Saturday, May 21, 2011

The coming bank consolidation... but not why you might think.

If I had a nickel for every time an investment banker predicted the mass consolidation of our industry I could buy a free round to all attendees at next month's Financial Managers' Society Forum. Financial Institutions need greater scale to offset the rising regulatory burden imposed by Dodd-Frank and soon to be imposed by the Consumer Finance Protection Bureau (CFPB) is the most often cited reason.

But I have noticed a couple of trends that may be a better leading indicator of coming FI consolidations, one old and one new.

Old

The old reason is that our CEOs are old... pun intended. Prior to the 2007 financial crisis, we prognosticators used to look at CEOs age as an indication of whether a financial institution would sell. See the table for the average age of FI leadership for publicly traded banks and thrifts.  It tells a challenging story... one quarter of FI CEO's are two years from retirement. Half are seven years away. Are there successors in the wings?

I have not read one press release announcing a merger that stated: "Our CEO is old, we have nobody to replace him, so we sold." But the cynic in me says this reason stands tall in prominence in the Board meeting when the sale decision is made.

This could be because the CEO does a good job, and neither the CEO or the Board thinks there is another potential CEO candidate that can do as well. If this is the case, then I put to you that neither the CEO nor the Board has done a very good job of developing leadership in the organization making successful next- generation passing of the baton doubtful. The cynic in me suspects there may be no opportunity for the retiring CEO to unlock the value of his investment in the FI without a sale.

But there are exceptions, such as how Wayne Bank in Honesdale, Pennsylvania implemented a leadership change flawlessly. Bill Davis, a great banker who never thought the success of the bank was all about him, moved out of the executive suite on retirement day and passed leadership to his second in command, who had been groomed from within. See the link below for the jfb post on Bill Davis.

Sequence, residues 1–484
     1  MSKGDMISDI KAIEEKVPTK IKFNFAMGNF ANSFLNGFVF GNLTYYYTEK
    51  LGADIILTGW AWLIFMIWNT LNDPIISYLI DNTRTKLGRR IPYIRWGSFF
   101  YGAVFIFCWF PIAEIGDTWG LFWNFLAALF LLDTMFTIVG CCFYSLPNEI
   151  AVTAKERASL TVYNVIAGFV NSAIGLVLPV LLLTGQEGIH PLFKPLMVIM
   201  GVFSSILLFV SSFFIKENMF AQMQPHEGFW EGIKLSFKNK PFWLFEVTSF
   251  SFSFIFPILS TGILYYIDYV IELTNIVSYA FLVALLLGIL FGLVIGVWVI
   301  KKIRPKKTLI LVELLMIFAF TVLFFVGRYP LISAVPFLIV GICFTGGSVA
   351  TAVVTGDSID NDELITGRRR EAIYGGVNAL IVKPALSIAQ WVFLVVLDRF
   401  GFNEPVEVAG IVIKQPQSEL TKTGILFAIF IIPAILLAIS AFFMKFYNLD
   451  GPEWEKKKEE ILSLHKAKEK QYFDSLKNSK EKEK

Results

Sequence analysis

New

The newfangled reason for the coming consolidation wave, in my opinion, is the change in our shareholder base (see chart). Community FIs used to have very predictable shareholders. They were typically within our communities, liked the dividend, and were proud to own a piece of their local bank.

Having gone through a few consolidation waves, our shareholders have become more diverse. They're also becoming older, and many have already passed shares to the next generation that lacks that same connection to the bank.

Lastly and possibly more importantly, FIs have needed capital during the past few years as loan problems and operating losses have reduced industry capital ratios. We turned to the most prominent underwriters of community FI stock, Sandler O'Neill, KBW, and Stifel to replenish our capital coffers. Where do these underwriters place the community bank issues? With institutional shareholders such as asset managers, hedge funds, and the like.

These institutional shareholders have little interest in what you think you mean to your communities or employees. They plug in the number they bought into your shares, and expect a certain return. If you can't deliver the return via profitability, then you better sell to give it to them. These shareholders at times own a relatively large percentage of a stock that doesn't trade heavily. In these instances, it would be difficult for the institutional shareholder to exit the stock through any other means than a sale.

Yes, those that successfully raised capital in the past two years are proud that they have done so. But I wonder if, while basking in the glow of that success, they understand that they may have sealed their fate far in advance?


Do you think there will be an increase in FI consolidations? Why or why not?

~ Jeff

Ode to Bill Davis:

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